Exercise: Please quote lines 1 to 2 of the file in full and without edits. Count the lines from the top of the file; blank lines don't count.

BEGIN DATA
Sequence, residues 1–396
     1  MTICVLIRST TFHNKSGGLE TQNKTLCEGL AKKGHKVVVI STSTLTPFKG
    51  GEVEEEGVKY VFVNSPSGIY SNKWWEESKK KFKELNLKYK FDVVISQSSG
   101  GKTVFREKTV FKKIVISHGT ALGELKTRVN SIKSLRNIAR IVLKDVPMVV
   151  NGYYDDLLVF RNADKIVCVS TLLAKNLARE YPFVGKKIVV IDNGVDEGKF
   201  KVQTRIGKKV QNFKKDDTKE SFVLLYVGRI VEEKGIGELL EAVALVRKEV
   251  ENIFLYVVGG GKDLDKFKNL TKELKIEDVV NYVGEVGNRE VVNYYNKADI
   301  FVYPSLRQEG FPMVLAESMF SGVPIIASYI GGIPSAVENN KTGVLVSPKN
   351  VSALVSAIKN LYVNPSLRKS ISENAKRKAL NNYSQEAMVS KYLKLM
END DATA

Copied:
Sequence, residues 1–396
     1  MTICVLIRST TFHNKSGGLE TQNKTLCEGL AKKGHKVVVI STSTLTPFKG